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New climate goal opaque, product of ministry clash

Kyodo

The process of setting a new goal on reducing greenhouse gas emissions was marred by a standoff between the Ministry of Economy, Trade and Industry and the Environment Ministry.

METI, long a champion of nuclear power, was reluctant to set the target and the Environment Ministry was trying to avoid postponing another commitment.

The rivalry appeared at one point to threaten the establishment of any new target, but they eventually reached an agreement after political intervention.

With the government unable to propose a clear-cut nuclear policy for the future, the new goal lacks specifics, an ambiguity that has drawn a chorus of international criticism.

“It’s an ambitious goal, one that requires the utmost effort to achieve it,” Environment Minister Nobuteru Ishihara said at a news conference. The new target is a 3.8 percent “cut” in emissions by fiscal 2020 from the 2005 level.

Of the 3.8 percent, 2.8 points represent carbon dioxide absorption by forests, while reduction via such measures as expansion of renewable energy and energy-conservation, accounts for only 1 point.

The specifics meanwhile remain unclear. While numerical benchmarks are set for energy-saving on various fronts, no mention is made of the degree of reliance on renewable energy, what to do about nuclear power, as well as what action businesses or households should take in achieving the reduction.

In the background is the government’s failure to initiate a rethink on energy policy, leaving emission volumes at its mercy.

After its inauguration in late 2012, Prime Minister Shinzo Abe’s government restarted discussions on revising the country’s long- to midterm energy plan, which serves as a guideline for energy policies and was last formulated in June 2010 under the government led by the Democratic Party of Japan.

But the Abe government has not made progress with discussions to determine how much of the country’s electricity needs should be met by atomic power. All reactors remain offline for safety screening, and many voices are calling for nuclear to be abandoned in the wake of the Fukushima meltdowns.

Over the summer, the Environment Ministry explored the option of setting a flexible greenhouse gas reduction target, assuming varying rates of nuclear dependence for 2020, including zero and 10 percent.

The Environment Ministry projections factored in numerous combinations of options from renewable energy sources and energy conservation initiatives.

But METI called a halt on work to set a new emission target, fearing that giving any hint of reliance on nuclear power, even if only theoretical, would provoke communities hosting atomic power plants that have not received full safety assurances.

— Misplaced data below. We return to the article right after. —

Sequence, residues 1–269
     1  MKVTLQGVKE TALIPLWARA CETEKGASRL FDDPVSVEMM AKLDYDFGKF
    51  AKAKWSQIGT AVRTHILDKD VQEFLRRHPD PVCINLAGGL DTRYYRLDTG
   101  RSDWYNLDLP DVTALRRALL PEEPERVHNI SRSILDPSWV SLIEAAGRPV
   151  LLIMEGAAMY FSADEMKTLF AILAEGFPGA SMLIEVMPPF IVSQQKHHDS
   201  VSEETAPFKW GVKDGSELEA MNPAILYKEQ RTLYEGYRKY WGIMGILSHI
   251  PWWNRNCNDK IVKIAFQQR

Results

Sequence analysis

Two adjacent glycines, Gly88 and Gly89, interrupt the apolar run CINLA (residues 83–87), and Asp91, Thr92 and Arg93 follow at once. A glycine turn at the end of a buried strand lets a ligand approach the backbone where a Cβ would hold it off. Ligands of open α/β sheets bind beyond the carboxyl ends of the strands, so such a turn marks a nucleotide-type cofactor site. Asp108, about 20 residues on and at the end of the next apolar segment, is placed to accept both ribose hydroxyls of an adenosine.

The divide between the two ministries deepened in working-level consultations, making it necessary to be taken up in closed-door sessions by top officials in autumn. The officials included the environment, industry and foreign ministers, as well as the chief Cabinet secretary.

It is Chief Cabinet Secretary Yoshihide Suga who is believed to have issued the call for making an announcement of the goal at the 19th session of the Conference of the Parties under the U.N. Framework Convention on Climate Change, assuming zero reliance on nuclear power.

An official of the Foreign Ministry, which is involved in international negotiations, said: “Next fall, a summit-level meeting on climate change is scheduled at the United Nations and the prime minister will participate in it. We decided it is not desirable for the prime minister to announce a goal (with a limited reduction) there, and also that it would be too late to wait until the next occasion.”

The latest target — a 3.8 percent cut by fiscal 2020 from the fiscal 2005 level — actually represents an increase in emissions of 3.1 percent from the Kyoto Protocol base year of fiscal 1990, given that the protocol aimed for a cut of 6 percent from 1990 for fiscal 2008-2012.

The government says the modest goal is unavoidable because it is based on zero reliance on nuclear power, but questions remain.

In June last year, an Environment Ministry panel under the DPJ government estimated that Japan in 2020 can achieve a 3 percent reduction from fiscal 1990 without using nuclear power while assuming some economic growth.

Unlike the latest target, the goal at the time did not take into account greenhouse gas absorption by forests. The DPJ government’s target would have been even higher if the forest absorption credit had been added.

The DPJ held public discussions in many parts of the country by presenting various options for reduction targets and solicited opinions from nearly 90,000 people.

Transparency does not appear to be a strong point of Abe’s Liberal Democratic Party-led government, which is also pushing for legislation to guard information in the name of protecting state secrets.